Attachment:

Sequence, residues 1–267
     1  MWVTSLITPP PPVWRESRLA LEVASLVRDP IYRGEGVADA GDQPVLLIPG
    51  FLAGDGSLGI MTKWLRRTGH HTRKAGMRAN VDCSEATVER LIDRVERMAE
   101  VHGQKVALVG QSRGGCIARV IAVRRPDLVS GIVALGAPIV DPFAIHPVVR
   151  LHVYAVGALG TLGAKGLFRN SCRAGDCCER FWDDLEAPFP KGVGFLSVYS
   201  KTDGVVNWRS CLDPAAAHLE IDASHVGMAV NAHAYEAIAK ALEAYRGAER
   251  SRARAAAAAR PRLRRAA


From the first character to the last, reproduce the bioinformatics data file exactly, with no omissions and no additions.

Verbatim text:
Sequence, residues 1–267
     1  MWVTSLITPP PPVWRESRLA LEVASLVRDP IYRGEGVADA GDQPVLLIPG
    51  FLAGDGSLGI MTKWLRRTGH HTRKAGMRAN VDCSEATVER LIDRVERMAE
   101  VHGQKVALVG QSRGGCIARV IAVRRPDLVS GIVALGAPIV DPFAIHPVVR
   151  LHVYAVGALG TLGAKGLFRN SCRAGDCCER FWDDLEAPFP KGVGFLSVYS
   201  KTDGVVNWRS CLDPAAAHLE IDASHVGMAV NAHAYEAIAK ALEAYRGAER
   251  SRARAAAAAR PRLRRAA